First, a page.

Mattel Apologizes to China for Toy Recalls
The world's largest toy maker, Mattel, apologized on Friday for damaging China's reputation after recent massive recalls of its Chinese-made toys, admitting it targeted some goods that were actually up to scratch.
Mattel has come under scrutiny following the recall of about 21 million of the toys in a span of five weeks, many because of excessive levels of lead paint.
"Our reputation has been damaged lately by these recalls," Thomas Debrowski, Mattel's executive vice president of worldwide operations, told China's quality watchdog chief, Li Changjiang, in the Chinese capital.
"Mattel takes full responsibility for these recalls and apologizes personally to you, the Chinese people and all of our customers who received the toys."
Debrowski said he realized the damage that had been done to the reputation of Chinese goods, adding the company was committed to manufacturing in China.
"But it's important for everyone to understand that the vast majority of those products that we recalled were the result of a design flaw in Mattel's design, not through a manufacturing flaw in Chinese manufacturers."
The company added in a statement that too many toys had been recalled, although it said that was because it puts safety first.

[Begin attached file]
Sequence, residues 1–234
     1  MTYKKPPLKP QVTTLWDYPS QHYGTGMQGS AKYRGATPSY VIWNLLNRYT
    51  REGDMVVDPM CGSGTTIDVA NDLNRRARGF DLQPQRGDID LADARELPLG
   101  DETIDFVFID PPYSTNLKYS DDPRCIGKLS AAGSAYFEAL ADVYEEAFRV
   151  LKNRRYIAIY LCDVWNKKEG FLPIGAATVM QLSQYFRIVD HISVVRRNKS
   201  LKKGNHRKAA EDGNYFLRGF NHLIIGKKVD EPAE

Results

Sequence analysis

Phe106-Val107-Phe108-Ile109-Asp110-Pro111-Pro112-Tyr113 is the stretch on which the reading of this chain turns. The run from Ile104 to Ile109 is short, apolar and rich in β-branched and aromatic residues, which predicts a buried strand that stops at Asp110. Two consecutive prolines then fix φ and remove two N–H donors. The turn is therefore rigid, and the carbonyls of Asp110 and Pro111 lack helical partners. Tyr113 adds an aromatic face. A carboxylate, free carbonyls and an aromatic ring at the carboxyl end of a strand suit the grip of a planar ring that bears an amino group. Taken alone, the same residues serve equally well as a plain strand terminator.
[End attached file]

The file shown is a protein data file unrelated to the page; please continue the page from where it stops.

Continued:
"Mattel is committed to applying the highest standards of safety for its products. Consistent with this, Mattel's lead-related recalls were overly inclusive, including toys that may not have had lead in paint in excess of U.S. standards," it said.
"The follow-up inspections also confirmed that part of the recalled toys complied with the U.S. standards," it added.
Debrowski, who sat stony-faced throughout the meeting with Li, did not talk afterwards to reporters, whom the quality regulator had invited to witness most of the meeting, unusual for a normally secretive Chinese government agency.
Li told Debrowski of his displeasure at the admission that perhaps too many toys had been targeted.
"You cannot recall 10,000 products just because one is substandard. This is unacceptable," he said.
But Li also struck a conciliatory tone with the company, which directly and indirectly employs thousands of Chinese.
"I appreciate your objective and responsible attitude towards the recalls and your sincere attitude towards our future cooperation," Li said.
Before the Mattel recalls, a spate of incidents involving unsafe Chinese products ranging from toys and seafood to toothpaste that entered both EU and U.S. markets prompted calls on both sides of the Atlantic for a ban on products "made in China."
Mattel CEO Robert Eckert this week defended his company's toy safety record as two skeptical Democratic lawmakers accused him of stonewalling a congressional probe into production practices in China.